When it comes to fictional brands such as the new Duff beer, the trademark laws are far from clear, says Jeremy Dickerson

A German company is brewing and selling Duff Beer, a brand best known as Homer Simpson's tipple of choice.

While fictional brands such as Wonka Bars and Bertie Botts' Every Flavour Beans have previously been brought to life, Duff is unusual in that it does not have the support of Twentieth Century Fox, the producer of The Simpsons.

The German version of Duff is not the first in the 1990s an Australian company sold several thousand cans of Duff before legal action by Fox prevented further sales. Fox is also undertaking legal action in Mexico, and has recently filed trademark oppositions against third-party applications for Duff, which would cover beer.

So while the Duff beer brand is probably as well known as Carlsberg, what intellectual property rights does Fox have to the Duff name given that it is purely fictional and they do not themselves sell beer? What would prevent you from manufacturing another well-known fictional brand South Park's Chocolate Salty Balls perhaps?

Creators of a fictional brand may have a trademark covering the relevant product, permitting them to sue for trademark infringement, particularly where merchandising is anticipated. However, a trademark for a particular product may be challenged and removed from the trademark register after five years if it hasn't been used for a real-life product. A trademark simply for 'merchandising services' may not suffer the same consequences.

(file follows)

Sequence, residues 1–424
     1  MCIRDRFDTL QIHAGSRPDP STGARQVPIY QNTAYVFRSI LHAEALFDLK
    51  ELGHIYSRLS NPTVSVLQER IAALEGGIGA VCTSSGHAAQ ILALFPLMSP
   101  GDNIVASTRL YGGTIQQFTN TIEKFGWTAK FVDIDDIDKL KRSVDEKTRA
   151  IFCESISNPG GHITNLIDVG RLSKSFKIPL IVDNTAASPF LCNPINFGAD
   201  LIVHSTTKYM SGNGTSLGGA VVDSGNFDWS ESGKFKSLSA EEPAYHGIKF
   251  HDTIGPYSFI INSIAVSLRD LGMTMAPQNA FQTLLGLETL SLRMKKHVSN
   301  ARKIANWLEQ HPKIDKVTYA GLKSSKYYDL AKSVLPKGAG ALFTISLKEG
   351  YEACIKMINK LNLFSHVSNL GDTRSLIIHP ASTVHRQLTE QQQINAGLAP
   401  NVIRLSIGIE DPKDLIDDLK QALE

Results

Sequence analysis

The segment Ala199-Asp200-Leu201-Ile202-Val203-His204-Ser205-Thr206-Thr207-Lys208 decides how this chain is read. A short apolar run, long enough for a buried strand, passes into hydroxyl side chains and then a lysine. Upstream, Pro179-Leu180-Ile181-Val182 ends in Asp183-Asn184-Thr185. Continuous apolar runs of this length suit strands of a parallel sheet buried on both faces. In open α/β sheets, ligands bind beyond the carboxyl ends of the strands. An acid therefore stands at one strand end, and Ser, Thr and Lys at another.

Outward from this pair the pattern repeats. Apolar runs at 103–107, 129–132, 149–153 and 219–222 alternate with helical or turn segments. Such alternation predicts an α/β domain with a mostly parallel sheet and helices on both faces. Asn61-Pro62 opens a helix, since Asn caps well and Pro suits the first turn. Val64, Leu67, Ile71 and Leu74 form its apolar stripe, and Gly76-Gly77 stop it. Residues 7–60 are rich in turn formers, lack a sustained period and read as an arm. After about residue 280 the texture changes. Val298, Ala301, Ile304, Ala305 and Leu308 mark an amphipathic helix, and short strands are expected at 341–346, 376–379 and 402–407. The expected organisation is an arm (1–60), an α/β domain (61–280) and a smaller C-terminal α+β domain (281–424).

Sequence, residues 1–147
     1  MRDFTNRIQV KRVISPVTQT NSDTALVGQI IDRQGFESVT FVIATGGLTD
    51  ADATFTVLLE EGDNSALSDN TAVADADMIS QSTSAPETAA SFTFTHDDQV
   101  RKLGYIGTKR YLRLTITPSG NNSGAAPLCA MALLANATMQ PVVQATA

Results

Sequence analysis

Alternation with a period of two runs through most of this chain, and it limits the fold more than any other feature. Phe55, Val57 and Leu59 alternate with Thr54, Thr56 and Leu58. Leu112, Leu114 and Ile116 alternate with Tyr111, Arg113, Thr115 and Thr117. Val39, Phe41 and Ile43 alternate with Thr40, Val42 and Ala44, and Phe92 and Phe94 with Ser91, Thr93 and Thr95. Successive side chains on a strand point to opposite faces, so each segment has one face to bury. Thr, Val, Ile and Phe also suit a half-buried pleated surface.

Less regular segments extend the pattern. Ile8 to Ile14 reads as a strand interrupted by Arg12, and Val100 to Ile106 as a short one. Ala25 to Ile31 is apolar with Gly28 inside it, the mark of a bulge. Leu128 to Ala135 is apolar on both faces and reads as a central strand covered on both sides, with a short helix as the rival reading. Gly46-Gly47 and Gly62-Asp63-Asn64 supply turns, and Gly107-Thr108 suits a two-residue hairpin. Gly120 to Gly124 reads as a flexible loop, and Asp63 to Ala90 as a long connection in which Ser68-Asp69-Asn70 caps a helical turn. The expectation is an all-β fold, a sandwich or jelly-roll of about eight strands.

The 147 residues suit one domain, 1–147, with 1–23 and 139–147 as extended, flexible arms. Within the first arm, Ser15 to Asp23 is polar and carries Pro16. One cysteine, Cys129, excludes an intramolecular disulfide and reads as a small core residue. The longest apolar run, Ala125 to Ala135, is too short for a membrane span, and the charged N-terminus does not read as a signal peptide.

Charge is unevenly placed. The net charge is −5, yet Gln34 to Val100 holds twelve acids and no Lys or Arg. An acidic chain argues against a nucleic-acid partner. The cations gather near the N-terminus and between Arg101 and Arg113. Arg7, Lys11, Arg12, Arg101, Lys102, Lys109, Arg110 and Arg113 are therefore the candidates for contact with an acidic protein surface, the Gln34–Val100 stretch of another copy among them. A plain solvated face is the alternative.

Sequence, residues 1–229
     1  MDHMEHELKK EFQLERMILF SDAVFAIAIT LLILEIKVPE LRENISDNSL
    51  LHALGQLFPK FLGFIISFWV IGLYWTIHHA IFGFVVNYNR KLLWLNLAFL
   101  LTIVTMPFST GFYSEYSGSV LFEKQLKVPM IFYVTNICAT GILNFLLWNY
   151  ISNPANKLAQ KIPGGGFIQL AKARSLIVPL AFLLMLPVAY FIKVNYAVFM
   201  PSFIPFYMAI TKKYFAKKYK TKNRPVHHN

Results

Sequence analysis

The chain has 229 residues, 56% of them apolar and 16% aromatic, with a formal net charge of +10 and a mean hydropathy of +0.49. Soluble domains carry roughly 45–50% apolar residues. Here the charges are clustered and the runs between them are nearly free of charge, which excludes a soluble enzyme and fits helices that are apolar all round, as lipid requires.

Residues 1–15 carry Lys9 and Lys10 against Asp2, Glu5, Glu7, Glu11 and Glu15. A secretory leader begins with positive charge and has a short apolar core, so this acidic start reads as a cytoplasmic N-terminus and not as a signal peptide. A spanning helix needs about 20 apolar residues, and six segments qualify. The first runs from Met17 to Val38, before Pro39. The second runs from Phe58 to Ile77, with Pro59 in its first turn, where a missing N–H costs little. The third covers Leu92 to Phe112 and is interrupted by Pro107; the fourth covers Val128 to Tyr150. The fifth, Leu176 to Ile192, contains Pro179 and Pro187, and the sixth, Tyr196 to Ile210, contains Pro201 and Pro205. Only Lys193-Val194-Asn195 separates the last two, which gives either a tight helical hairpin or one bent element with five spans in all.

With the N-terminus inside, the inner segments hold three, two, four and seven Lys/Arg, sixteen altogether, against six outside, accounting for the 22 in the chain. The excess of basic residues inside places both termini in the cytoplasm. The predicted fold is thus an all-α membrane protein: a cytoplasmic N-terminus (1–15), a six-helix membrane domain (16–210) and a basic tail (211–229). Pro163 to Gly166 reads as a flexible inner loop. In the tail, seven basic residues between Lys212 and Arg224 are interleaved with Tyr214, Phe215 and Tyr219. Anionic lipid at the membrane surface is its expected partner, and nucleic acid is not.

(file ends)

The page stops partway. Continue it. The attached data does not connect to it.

The other hurdle comes from the popularity of merchandising itself. Although a product's fame may be due to fictional use only, consumers expect to purchase merchandise for popular shows.

The law of 'passing off' may protect the fictional brand where consumers would expect a real-life product to be endorsed or licensed by the creators of its fictional counterpart. The creator must also prove that they would suffer damage as a result perhaps due to a lost opportunity to take advantage of the brand themselves.

The law in this area is far from settled and, as ever, is complicated. Watch this space.

Jeremy Dickerson is a partner at the law firm Burges Salmon